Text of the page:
Newspaper article Sunshine Coast Daily (Maroochydore, Australia)

Now It's Misfits with Moxie. the Rise and Rise of the Powerful Female

Newspaper article Sunshine Coast Daily (Maroochydore, Australia)

Now It's Misfits with Moxie. the Rise and Rise of the Powerful Female

Article excerpt

Byline: JULIA KELLER of the CHICAGO TRIBUNE

SOMEWHERE, Jane Austen is aghast. Queen Victoria is about to blow a gasket. And your sweet little great-grandmother, the one apt to blush when the word "corset" came up in mixed company, is positively apoplectic.

These doyens of daintiness and decorum would doubtless be shocked, shamed and horrified by the female protagonists who have taken pop culture by storm: Feisty, reckless, rootless women increasingly dominate television, novels, film and music.

They're not meek. They're not mild. They do as they please and they don't play well with others. They're misfits with moxie. And unlike the powerful female characters of a previous generation, they're not depicted as witches, shrews, hags, evil stepmothers or shrivelled-up spinsters who eventually get their comeuppance.

From Grace Hanadarko (Holly Hunter) in the cable series Saving Grace to Mary Shannon (Mary McCormack) in another cable series, In Plain Sight, to the ticked-off, put-upon, fed-up woman in Carrie Underwood's country music hit Before He Cheats (2006), the new paradigm for fictional females is a cheeky, tough-talking, hard-drinking renegade with good biceps and a bad attitude.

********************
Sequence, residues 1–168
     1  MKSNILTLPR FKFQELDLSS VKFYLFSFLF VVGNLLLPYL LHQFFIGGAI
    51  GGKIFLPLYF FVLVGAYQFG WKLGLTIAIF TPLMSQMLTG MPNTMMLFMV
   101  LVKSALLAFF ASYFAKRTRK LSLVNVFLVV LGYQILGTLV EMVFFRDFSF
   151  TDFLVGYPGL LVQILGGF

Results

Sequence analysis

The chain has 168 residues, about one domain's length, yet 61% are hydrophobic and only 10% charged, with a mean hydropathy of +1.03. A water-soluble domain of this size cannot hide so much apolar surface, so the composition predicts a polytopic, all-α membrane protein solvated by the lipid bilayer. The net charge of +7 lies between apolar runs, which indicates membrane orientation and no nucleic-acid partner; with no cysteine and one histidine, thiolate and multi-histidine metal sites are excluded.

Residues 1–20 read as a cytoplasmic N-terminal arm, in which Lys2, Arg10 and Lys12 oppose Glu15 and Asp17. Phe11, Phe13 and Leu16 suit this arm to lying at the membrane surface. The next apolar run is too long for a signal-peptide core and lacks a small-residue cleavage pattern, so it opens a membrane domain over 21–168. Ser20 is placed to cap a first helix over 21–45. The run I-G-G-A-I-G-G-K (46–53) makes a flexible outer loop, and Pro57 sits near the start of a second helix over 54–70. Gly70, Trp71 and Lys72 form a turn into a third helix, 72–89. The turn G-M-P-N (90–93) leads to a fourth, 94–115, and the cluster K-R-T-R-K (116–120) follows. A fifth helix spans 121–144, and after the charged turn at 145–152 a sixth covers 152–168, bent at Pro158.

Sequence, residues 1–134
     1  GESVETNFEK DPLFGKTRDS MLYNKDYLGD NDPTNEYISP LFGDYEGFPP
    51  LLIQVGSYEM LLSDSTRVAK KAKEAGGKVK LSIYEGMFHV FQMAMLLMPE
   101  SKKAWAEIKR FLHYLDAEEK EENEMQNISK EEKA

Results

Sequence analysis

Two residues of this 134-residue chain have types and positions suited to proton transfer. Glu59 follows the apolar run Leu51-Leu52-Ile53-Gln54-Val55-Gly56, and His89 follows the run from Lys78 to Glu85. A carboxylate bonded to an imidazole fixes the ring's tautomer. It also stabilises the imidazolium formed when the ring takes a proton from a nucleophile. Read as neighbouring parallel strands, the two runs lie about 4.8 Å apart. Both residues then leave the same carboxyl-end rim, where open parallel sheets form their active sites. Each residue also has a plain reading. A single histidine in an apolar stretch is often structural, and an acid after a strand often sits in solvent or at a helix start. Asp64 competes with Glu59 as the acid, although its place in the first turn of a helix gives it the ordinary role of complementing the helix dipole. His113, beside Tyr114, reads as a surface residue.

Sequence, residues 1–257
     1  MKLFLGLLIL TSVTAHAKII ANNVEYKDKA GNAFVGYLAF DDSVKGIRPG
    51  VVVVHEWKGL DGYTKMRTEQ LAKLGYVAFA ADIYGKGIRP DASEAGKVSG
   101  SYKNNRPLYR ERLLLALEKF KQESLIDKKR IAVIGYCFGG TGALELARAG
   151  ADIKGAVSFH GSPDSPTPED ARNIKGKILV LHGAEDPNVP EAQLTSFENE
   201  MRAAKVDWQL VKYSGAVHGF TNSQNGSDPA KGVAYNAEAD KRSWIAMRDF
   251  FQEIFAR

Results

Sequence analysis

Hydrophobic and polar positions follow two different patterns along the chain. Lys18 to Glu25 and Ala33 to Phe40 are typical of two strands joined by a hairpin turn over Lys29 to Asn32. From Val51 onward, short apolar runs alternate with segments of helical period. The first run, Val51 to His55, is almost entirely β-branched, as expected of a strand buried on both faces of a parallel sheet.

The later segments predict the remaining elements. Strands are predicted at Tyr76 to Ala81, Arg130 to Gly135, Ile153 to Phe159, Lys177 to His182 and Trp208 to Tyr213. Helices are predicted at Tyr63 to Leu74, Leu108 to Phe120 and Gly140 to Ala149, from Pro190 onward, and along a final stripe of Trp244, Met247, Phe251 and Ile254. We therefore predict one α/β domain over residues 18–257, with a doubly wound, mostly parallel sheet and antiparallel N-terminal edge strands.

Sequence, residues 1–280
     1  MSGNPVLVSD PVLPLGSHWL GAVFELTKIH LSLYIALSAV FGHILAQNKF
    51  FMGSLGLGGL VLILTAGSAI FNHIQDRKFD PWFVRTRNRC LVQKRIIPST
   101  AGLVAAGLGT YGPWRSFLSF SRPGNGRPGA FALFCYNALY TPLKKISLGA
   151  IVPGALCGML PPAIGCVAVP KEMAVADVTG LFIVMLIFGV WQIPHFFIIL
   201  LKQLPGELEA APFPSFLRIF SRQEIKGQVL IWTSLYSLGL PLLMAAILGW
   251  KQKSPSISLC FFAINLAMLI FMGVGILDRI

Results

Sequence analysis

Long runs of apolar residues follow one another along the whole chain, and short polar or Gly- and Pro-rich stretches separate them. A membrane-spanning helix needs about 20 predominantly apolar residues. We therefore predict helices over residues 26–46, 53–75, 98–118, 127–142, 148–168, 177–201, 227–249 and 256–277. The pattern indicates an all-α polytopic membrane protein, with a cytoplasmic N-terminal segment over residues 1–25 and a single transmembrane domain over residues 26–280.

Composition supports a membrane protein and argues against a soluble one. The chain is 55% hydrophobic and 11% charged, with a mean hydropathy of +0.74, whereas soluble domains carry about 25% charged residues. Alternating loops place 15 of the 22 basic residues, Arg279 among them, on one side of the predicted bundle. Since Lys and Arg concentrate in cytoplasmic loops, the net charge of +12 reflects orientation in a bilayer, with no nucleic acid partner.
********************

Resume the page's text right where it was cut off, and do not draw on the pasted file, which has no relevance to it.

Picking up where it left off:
From Miranda Bailey (Chandra Wilson), the chief resident in Grey's Anatomy whose steely glare can turn an intern's insides to the consistency of cotton batting, to Nurse Jackie (Edie Falco), the brusque, headstrong healer in the new Showtime series of the same name, these women aren't shy or humble. They want power. And when they get it, they like it.

The new breed of brash, audacious woman has pushed into literature as well. Lisbeth Salander, heroine of the best-selling mystery novel The Girl With the Dragon Tattoo, by the late Stieg Larsson, recently published in paperback by Vintage, is "prickly and irksome" but somehow still alluring: "She was like a nagging itch, repellent and at the same time tempting," the narrator said. …

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